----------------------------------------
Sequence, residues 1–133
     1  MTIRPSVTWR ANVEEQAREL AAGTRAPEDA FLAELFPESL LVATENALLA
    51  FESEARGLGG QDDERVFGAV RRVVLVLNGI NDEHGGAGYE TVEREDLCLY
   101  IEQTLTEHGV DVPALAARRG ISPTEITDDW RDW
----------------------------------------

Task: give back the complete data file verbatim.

Sequence, residues 1–133
     1  MTIRPSVTWR ANVEEQAREL AAGTRAPEDA FLAELFPESL LVATENALLA
    51  FESEARGLGG QDDERVFGAV RRVVLVLNGI NDEHGGAGYE TVEREDLCLY
   101  IEQTLTEHGV DVPALAARRG ISPTEITDDW RDW